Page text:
Biden names Penny Pritzker to lead U.S. in forging Ukraine’s economic recovery

President Biden said Pritzker will work in ‘lockstep’ with the Ukraine government.

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Former Commerce Secretary Penny Pritzker met Wednesday with Secretary of State Tony Blinken at his State Department office. She’s the new U.S. special representative for Ukraine’s economic recovery.

Photo courtesy of the State Department

WASHINGTON — President Joe Biden on Thursday tapped former U.S. Commerce Secretary Penny Pritzker, the great-granddaughter of Ukrainian immigrants, as the new U.S. special representative for Ukraine’s economic recovery.

Pritzker, who served as Commerce Department secretary under former President Barack Obama, will lead the U.S. drive to rebuild the Ukraine economy. Russian President Vladimir Putin’s invasion of Ukraine has endured for more than 18 months and shows no sign of ending soon.

The new post, part of the State Department, was established as the Biden administration is meeting resistance from some Republicans in Congress over funding levels for Ukraine.

A State Department spokesperson said Pritzker met with Secretary of State Antony Blinken at his State Department office Wednesday, with a trip to Ukraine likely in the near future. Lining up Pritzker for this new position has been in the works for months.

Pritzker’s appointment was announced days before Ukraine President Volodymyr Zelensky visits Washington next week, after the U.N. General Assembly annual gathering of world leaders in New York.

Zelensky is expected, a White House source said, to meet with Biden and lawmakers on Capitol Hill. This comes as the Biden administration is asking Congress to approve more than $24 billion in additional aid to Ukraine.

Pritzker is no stranger to the economic challenges facing Ukraine, which were considerable even before the war. A September 2014 trip to Kyiv was the first of several visits she made to Ukraine as Commerce secretary, eventually delivering $3 billion in loan guarantees designed to “promote progress on the country’s anti-corruption and economic reform agenda.”

Blinken said in a statement that in her new position, Pritzker will work with “the Ukrainian government, the G7, the EU, international financial institutions, international partners” as well as the U.S. private sector and potential donors.

“She will also work closely with the government of Ukraine as it intensifies reforms needed to win the future, open export markets, mobilize foreign direct investment and catalyze economic recovery,” he said.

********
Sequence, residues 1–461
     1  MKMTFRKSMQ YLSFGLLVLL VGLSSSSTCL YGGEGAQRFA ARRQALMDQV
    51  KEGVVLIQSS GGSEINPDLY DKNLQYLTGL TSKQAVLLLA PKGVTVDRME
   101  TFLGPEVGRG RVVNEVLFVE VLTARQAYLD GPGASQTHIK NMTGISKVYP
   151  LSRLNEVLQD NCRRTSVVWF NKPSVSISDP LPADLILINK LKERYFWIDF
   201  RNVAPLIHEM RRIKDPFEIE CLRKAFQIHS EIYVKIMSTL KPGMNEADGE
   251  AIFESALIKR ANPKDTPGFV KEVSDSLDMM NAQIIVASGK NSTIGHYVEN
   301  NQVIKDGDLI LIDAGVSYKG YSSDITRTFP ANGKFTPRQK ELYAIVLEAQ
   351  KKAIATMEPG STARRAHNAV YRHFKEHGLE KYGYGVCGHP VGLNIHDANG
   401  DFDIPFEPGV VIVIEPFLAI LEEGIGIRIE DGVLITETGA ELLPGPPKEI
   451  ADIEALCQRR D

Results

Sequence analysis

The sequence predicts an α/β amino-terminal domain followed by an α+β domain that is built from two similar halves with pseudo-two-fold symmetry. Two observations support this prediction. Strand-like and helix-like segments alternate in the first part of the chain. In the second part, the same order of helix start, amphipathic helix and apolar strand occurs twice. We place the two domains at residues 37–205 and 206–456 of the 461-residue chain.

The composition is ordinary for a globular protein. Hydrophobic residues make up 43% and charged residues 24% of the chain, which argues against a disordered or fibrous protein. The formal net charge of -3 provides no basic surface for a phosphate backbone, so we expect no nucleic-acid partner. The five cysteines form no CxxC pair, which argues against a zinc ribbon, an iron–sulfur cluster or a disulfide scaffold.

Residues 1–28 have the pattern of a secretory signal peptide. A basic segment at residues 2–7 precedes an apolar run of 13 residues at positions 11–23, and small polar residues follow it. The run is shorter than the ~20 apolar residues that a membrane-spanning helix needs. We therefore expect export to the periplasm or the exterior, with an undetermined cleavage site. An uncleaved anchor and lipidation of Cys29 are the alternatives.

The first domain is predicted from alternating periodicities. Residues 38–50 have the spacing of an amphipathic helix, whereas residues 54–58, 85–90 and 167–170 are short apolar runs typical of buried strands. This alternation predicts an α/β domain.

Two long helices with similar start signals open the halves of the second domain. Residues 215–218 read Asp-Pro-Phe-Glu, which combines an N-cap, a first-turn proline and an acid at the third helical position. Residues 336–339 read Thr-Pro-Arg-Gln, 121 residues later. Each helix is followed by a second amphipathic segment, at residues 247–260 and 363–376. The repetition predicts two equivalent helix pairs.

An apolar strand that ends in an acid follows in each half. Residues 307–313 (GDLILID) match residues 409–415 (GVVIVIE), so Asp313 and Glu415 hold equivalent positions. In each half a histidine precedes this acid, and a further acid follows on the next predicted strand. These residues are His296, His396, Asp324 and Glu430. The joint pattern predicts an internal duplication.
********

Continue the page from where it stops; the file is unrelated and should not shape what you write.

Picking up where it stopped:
She will be officially based at the State Department while continuing to spend time in Chicago.

Pritzker, a member of one the richest families in the nation, is the sister of Gov. J.B. Pritzker.

She is the the founder and chair of PSP Partners and its affiliates, Pritzker Realty Group, PSP Capital, and PSP Growth. A leading philanthropist and Democratic donor and fundraiser, she is also a board member at the Obama Foundation.

“As an accomplished public servant, former Secretary of Commerce, and transformative industry leader — with deep familial ties to Ukraine — Special Representative Pritzker brings decades of experience and expertise to this critical position,” Biden said in a statement. “Working in lockstep with the Ukrainian government, our allies and partners, international financial institutions, and the private sector, she will drive the United States’ efforts to help rebuild the Ukrainian economy.

“This includes mobilizing public and private investment, shaping donor priorities and working to open export markets and businesses shut down by Russia’s brutal attacks and destruction,” Biden’s statement continued.

Biden added that Pritzker will help Zelensky’s government create reforms to strengthen his country’s economy and will encourage Ukraine’s other international partners to step up support for Ukraine’s economic recovery.

In a statement released Thursday, Pritzker said: “Simply put, the stakes could not be higher. My role — working with governments and the private sector around the world — is about ensuring Ukraine succeeds, now and long into the future, as a prosperous, secure, independent, sovereign democracy. Our collective mission is simple: to see to it that Ukraine survives and thrives.

“But this is also personal for me,” Pritzker’s statement continued. “My family fled Ukraine in the late 1800s, and my attachment to the country remains. During my tenure as Commerce Secretary, I worked with the Ukrainian government to advance progress on reforms, draw private sector interest, and coordinate with partner governments — activities I will also pursue in this role. And, like many Americans, I have been inspired by the bravery and resilience of the Ukrainian people.”

Since the war started, Gov. Pritzker often speaks of his roots in Ukraine, calling himself, as he puts it, “the great-grandson of Ukrainian Jewish refugees” who fled in order to escape Russian pograms.

Penny Pritzker traveled in 2015 to the village in Ukraine, southeast of Kyiv, where her family once lived. The town is known as Bolshi Prytsky or Velyki Prytsky — with the family name coming from the village where the Pritzkers of earlier generations once lived.

In an interview published Thursday in a Ukraine news outlet, she said, “The chance to represent the United States in this role is personal, because my family fled Ukraine in the late 1800s from an area just outside Kyiv, so my family are immigrants from the area that is being challenged by the Russians.”


Secretary of State Antony J. Blinken meets Penny Pritzker Wednesday in his State Department office.

Photo courtesy of the State Department

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